Spas Raikin, born to a poor peasant family, herded cows and sheep until he was admitted to the Plovdiv Theological Seminary. He graduated with honors and went on to study in the School of Theology in Sofia University and teach in the Sofia Theological Seminary. Once the Bulgarian Communists had solidified their power, they intensified their religious persecution, drafting Raikin into the army, where he served his time in a military labor camp. In 1951, he and several of his friends escaped from the camp and formed a partisan group in the Rhodope Mountains in southern Bulgaria. Evading the Communists, they managed to cross into Greece, where he received a scholarship from the World Council of Churches to study theology at the University of Athens. He went on to study at the universities in Geneva, Basel, and King’s College in London, finally taking a graduate degree in political science at Columbia University in New York. In New York, Raikin became a social worker who helped resettle Bulgarian refugees in the United States under a State Department Program, as well as a staff member in the Travelers Aid Society. It was in that capacity that he was directed to meet Lee Harvey Oswald upon his return from Russia. Raikin found a hotel room for Oswald, his wife, and baby, and handed him a check, that paid for their move to Forth Worth, Texas. His account of this event is in the Warren Commission Report and is discussed in dozens of works on the Kennedy assassination. Binder 71 of the Raikin Papers includes copies of documents, notes, and clippings on the event and its aftermath.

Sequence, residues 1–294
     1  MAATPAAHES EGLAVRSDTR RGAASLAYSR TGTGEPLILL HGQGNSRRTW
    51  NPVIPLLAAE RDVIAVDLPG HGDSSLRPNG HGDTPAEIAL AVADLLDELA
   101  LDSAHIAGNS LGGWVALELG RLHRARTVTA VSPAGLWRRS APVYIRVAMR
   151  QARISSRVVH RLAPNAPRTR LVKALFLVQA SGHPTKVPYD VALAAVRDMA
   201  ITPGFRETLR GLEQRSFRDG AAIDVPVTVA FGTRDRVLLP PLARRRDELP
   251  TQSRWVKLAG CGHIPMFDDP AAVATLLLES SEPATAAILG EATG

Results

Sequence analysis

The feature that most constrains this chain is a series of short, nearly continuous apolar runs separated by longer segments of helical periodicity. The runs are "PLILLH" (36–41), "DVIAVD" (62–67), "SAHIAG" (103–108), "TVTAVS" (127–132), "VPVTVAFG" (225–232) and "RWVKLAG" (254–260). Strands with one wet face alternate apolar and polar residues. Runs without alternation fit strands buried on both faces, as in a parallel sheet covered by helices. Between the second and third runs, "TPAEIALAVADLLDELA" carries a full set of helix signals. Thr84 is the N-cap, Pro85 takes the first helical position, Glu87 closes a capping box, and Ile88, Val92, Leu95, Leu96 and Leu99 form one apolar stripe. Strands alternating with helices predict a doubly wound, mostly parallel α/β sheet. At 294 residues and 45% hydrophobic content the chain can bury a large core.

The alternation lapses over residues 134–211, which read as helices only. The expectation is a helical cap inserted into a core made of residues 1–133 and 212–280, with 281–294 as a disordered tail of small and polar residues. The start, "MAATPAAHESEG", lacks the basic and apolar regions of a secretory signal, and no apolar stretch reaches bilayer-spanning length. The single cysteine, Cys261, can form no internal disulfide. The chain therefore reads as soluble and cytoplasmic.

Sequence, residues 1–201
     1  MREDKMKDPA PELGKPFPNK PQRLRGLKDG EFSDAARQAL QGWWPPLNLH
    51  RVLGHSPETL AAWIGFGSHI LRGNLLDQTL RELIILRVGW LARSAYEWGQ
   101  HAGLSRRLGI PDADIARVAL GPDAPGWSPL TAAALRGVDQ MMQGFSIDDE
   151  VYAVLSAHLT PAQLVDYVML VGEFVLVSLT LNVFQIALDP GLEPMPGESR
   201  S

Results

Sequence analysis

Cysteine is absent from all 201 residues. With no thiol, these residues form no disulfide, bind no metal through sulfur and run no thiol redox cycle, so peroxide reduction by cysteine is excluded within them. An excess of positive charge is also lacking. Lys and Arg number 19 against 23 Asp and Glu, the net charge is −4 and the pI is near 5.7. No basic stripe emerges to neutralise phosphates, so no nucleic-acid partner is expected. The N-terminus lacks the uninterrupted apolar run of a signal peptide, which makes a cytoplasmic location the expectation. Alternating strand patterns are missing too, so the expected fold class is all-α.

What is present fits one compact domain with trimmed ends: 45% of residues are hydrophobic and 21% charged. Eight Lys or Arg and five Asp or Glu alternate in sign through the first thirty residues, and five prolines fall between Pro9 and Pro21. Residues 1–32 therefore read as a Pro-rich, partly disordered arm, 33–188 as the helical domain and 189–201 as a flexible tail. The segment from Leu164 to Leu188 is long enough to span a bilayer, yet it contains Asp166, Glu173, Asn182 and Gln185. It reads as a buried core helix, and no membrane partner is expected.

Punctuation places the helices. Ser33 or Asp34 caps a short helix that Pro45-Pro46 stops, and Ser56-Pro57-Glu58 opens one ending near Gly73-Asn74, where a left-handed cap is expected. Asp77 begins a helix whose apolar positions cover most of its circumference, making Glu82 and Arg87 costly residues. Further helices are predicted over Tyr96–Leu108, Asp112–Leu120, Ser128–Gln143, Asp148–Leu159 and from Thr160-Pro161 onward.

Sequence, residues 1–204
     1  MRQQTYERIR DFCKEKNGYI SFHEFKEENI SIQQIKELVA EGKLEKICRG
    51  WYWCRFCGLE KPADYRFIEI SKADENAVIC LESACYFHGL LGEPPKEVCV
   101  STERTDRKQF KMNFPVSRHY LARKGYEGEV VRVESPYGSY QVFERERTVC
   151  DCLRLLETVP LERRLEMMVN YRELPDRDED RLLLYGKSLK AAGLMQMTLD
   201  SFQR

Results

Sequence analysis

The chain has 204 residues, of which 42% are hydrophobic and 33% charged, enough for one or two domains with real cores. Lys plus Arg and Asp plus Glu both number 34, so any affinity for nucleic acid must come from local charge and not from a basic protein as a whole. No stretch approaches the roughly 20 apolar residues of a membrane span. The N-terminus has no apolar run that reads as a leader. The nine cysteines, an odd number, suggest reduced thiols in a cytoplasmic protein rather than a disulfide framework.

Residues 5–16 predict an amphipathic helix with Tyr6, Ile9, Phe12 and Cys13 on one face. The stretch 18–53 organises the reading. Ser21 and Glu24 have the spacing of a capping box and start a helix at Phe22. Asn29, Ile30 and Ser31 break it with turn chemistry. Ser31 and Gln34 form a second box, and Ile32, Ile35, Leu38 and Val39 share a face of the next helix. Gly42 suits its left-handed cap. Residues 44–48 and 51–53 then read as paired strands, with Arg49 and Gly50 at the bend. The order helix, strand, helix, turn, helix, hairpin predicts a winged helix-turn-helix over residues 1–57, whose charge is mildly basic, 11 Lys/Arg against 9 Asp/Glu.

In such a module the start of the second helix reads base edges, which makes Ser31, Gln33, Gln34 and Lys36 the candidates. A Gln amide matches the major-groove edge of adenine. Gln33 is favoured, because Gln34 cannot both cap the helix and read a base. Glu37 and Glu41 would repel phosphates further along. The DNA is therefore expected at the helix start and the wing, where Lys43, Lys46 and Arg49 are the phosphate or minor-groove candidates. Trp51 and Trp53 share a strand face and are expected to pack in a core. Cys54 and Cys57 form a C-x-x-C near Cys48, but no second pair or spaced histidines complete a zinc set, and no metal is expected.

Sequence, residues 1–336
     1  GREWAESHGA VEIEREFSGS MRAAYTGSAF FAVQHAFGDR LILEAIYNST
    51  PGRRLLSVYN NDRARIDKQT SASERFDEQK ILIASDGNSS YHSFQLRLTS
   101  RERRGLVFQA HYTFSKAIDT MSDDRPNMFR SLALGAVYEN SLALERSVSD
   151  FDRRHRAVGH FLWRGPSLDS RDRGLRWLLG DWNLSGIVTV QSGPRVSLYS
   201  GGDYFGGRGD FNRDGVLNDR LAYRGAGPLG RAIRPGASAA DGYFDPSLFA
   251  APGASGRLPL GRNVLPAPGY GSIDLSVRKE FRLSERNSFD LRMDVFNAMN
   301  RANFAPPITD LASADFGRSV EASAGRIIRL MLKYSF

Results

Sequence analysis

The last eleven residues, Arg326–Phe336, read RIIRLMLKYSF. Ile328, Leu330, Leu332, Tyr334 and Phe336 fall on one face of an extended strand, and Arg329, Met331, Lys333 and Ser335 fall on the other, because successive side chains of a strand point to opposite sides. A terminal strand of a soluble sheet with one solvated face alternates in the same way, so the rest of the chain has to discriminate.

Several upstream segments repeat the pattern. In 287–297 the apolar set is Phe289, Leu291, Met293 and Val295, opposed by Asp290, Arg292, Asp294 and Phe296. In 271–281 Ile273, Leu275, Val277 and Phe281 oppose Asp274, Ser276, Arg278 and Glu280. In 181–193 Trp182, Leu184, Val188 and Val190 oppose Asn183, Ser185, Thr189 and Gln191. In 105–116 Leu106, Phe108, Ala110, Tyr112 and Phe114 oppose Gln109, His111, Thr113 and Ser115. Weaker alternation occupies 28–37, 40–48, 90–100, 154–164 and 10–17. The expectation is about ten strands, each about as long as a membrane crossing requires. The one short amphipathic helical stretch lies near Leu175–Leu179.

Spas Raikin’s academic career was mostly with the East Stroudsburg University in Pennsylvania, where he taught from 1966 until his retirement in 1991. He published some twenty books on Bulgarian history, politics, and culture from the late nineteenth century into the twentieth.. He was also active in Bulgarian and East European anticommunist exile organizations. Professor Raikin’s productive and eventful life and research are documented in his voluminous papers in the Hoover Archives. Along with the even larger Kyril Drenikoff Papers, acquired by Hoover a generation earlier, they will be a valuable resource for scholars of Bulgarian history and politics in the twentieth century.